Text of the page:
Looking at dairy prices in 2018

Bob Cropp
University of Wisconsin - Madison
Bob Cropp

MADISON - Milk prices started to decline last December and will continue to fall first quarter of 2018. Class III reached its peak last year in November at $16.88 but fell to $15.44 in December and it looks like January will be down to near $13.90. Class IV reached its peak last year in August at $16.61 fell to $13.51 in December and will be near $13.30 in January.

While still not great, milk prices in 2017 were the highest since 2014 and averaged well above 2016. Class III averaged $16.17 compared to $14.87 in 2016. Class IV averaged $15.16 compared to $13.77 in 2016. But, another good year of milk prices is needed to help dairy farmers to recover financially from low milk prices experienced in 2015 and 2016. But, it now looks like 2018 milk prices will average lower than 2017.

The lower milk prices are being driven by relatively high milk production, a decline in beverage milk sales, slower growth in butter and cheese sales and a decline in nonfat dry milk/skim milk powder (NDM/SMP) exports all resulting in relatively high stocks levels.

Adjusting for 2016 leap year 2017 milk production was up 1.7%. With milk production this strong, favorable milk prices require good domestic sales and increased dairy exports. Latest dairy export data for November shows 2017 exports did improve over 2016 particularly through July. Nonfat dry milk/skim milk powder exports ran above year ago levels starting the last half of 2016 through July of 2017. October NDM/SMP exports fell 34% below a year earlier but improved to just one percent lower in November. Butter, cheese and total whey exports have been higher than a year ago with year-to-date exports up 13%, 22% and 8% respectively. But, with relatively strong milk production and slower domestic sales, stocks of dairy products are relatively high.

In recent months butter stocks have been below year ago levels, but butter stocks grew by 6.2% November to December and are now 1.8% higher. December American cheese stocks were 2.8% higher and total cheese stocks 6.9% higher. November nonfat dry milk stocks were 40.2% higher and dry whey stocks 65.6% higher.

The price of butter has held well above $2 per pound during December and into January. But much lower cheese and dry whey prices lowered the Class III price. On the CME 40-pound cheddar blocks averaged $1.73 per pound in October, $1.66 in November but just $1.49 in December. Blocks have been as low as $1.475 in January recovering to $1.57 only to fall back to $1.495. Barrels averaged $1.70 in October, $1.66 in November and $1.54 in December.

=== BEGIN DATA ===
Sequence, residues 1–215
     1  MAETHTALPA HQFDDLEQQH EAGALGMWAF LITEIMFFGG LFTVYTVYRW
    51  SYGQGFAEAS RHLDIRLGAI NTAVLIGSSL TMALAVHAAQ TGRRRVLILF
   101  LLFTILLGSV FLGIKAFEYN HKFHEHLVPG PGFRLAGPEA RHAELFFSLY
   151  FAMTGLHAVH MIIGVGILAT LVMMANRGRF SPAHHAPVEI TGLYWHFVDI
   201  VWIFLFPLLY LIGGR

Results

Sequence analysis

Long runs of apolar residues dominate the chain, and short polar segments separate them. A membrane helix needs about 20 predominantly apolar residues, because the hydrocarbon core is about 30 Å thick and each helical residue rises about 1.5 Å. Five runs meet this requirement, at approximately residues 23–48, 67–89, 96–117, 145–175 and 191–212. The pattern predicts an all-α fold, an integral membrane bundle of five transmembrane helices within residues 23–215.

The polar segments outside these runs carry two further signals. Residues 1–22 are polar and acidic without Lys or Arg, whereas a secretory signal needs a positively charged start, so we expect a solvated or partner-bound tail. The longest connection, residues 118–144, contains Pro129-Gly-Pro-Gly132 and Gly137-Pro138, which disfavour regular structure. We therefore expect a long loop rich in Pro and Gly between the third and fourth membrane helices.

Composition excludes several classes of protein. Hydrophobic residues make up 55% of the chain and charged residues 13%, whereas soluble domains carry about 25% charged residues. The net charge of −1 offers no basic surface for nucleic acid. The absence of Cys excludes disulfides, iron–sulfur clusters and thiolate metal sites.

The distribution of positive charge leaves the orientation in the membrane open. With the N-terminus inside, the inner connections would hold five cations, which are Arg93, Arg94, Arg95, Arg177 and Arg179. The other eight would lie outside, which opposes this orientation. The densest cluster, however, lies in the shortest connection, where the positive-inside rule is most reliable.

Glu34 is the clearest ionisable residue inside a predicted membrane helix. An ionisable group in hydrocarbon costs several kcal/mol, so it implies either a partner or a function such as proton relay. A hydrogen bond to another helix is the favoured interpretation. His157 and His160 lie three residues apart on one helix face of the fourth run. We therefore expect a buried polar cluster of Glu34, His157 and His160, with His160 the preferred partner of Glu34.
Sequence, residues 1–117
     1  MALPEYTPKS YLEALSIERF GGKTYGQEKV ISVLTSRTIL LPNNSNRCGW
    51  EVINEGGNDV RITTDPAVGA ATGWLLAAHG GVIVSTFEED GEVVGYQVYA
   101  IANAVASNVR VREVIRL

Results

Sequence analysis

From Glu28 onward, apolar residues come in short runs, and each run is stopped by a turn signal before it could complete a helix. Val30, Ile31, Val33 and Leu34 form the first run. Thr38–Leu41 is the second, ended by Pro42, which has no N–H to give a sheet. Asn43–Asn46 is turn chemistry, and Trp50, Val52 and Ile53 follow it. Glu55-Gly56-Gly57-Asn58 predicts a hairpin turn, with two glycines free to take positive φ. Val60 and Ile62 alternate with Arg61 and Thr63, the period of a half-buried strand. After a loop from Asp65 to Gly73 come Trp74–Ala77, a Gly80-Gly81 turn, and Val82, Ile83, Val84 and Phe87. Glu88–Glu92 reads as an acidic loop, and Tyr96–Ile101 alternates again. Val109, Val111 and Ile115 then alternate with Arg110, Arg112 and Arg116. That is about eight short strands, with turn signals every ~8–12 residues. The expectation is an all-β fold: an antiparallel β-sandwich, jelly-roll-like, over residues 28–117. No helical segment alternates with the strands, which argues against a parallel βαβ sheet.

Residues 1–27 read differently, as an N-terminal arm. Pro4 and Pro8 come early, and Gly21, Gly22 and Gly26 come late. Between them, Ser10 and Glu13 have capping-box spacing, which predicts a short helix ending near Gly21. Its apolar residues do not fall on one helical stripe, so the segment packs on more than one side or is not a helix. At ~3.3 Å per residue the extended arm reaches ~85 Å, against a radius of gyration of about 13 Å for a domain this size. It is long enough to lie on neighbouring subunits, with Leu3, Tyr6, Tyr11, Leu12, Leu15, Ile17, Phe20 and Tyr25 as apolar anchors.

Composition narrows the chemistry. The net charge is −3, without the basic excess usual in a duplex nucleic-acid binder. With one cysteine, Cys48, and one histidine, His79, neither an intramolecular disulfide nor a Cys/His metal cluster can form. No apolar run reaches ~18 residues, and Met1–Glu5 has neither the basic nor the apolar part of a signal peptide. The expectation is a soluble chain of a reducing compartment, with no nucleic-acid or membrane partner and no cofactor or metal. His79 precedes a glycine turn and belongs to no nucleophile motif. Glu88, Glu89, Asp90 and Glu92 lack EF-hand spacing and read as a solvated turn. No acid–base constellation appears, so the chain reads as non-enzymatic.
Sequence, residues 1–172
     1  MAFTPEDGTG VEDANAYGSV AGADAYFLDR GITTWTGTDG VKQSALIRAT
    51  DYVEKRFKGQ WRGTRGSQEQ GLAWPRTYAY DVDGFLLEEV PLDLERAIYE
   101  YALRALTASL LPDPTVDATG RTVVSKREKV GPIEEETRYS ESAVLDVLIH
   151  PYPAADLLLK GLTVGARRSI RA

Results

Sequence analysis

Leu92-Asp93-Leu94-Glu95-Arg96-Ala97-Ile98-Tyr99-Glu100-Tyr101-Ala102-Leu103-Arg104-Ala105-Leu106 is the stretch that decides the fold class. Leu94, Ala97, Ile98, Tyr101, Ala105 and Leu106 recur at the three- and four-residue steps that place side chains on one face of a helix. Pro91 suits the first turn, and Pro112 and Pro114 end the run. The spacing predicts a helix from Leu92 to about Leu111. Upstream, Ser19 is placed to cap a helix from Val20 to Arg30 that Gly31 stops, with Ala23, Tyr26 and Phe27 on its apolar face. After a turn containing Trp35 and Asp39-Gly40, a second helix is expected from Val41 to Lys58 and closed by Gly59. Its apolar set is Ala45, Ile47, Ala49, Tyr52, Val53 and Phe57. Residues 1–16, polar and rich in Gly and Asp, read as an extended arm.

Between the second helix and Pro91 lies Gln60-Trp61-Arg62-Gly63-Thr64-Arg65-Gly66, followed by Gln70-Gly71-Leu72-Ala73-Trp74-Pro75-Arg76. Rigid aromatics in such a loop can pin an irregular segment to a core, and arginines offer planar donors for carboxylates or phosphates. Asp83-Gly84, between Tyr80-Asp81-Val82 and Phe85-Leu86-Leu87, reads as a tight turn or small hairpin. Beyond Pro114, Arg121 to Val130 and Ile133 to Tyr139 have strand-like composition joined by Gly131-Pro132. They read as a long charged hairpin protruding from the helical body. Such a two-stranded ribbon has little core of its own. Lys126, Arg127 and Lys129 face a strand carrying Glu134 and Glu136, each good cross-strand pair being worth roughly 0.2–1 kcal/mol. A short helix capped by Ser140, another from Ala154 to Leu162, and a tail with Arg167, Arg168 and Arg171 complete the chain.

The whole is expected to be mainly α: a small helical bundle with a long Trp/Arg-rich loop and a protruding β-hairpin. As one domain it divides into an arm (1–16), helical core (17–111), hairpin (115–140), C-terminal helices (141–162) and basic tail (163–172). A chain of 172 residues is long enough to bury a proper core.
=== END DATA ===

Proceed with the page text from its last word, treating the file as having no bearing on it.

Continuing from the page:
But in January barrels have been as low as $1.2175 with recovery to $1.36. Dry whey which was $0.51 per pound last April has been on a steady decline since with December $0.28 and now $0.25. With the butter price steady above $2 per pound lower nonfat dry milk prices have lowered the Class IV price. Nonfat dry milk started 2017 at $1.00 per pound declined each month since to $0.68 in December with January as low as $0.67 and recovering to $0.7175.
USDA has revised down its forecast for 2018 milk production to a 1.5% increase from 0.2% more milk cows and 1.3% more milk per cow. While this is a smaller increase in milk production than last year, it is still a lot of milk requiring good domestic sales and dairy exports. There are good signs that butter and cheese sales could grow better in 2018 than last year. The economy is doing better and both the consumer confidence index and restaurant performance indexes are favorable for good sales.

But dairy exports will face increased competition for markets as world milk production is expected to increase. For 2016, through the first half of 2017 milk production was below year ago levels in major dairy exporters - EU, New Zealand, Australia and Argentina. But now milk production is running much higher. New Zealand is currently experiencing a major drought which will dampen increases in their milk production the last half of their season. World demand is picking up which will absorb some of the increase in world milk production. China in particular has stepped up its imports.
So for 2018 we could see Class III prices in the $13’s first quarter, the $14’s second quarter, low $15’s third quarter and the mid to high $15’s fourth quarter and averaging around $14.90 for the year. Class IV could be in the $13’s through May, the $14’s through September and the low $15’s last quarter and averaging about $14.25 for the year. Current dairy futures for Class III and Class IV show even lower prices. But prices may well end up averaging a little higher. The low milk prices first half of the year could well lower both the number of milk cows and the increase in milk per cow. Dairy exports for the second half of the year could also do better than now expected.
December milk production may give some indication of milk production going into 2018. After declining for the previous three months December milk cow numbers increased 3,000 head and stood at 0.5% higher than a year ago. The increase in milk per cow continued below trend being just 0.6% higher resulting in December milk production 1.1% higher than a year ago bring the total for the year to 215.4 billion pounds, 1.4% higher than 2016. Increases in milk production for the past four months have been about 1%. If the increase in 2018 milk production ends up less than the 1.5% USDA is now forecasting , milk prices could improve for the second half of the year.

The five leading dairy state - California, Wisconsin, Idaho, New York and Michigan produce 51% of total milk production. In December three had December production below a year ago - California -0.3%, Idaho -0.2% and New York -2.2%; and two had more production - Wisconsin +1.0% and Michigan +2.5%. The combined December production of these five states was just 0.1% higher than a year ago.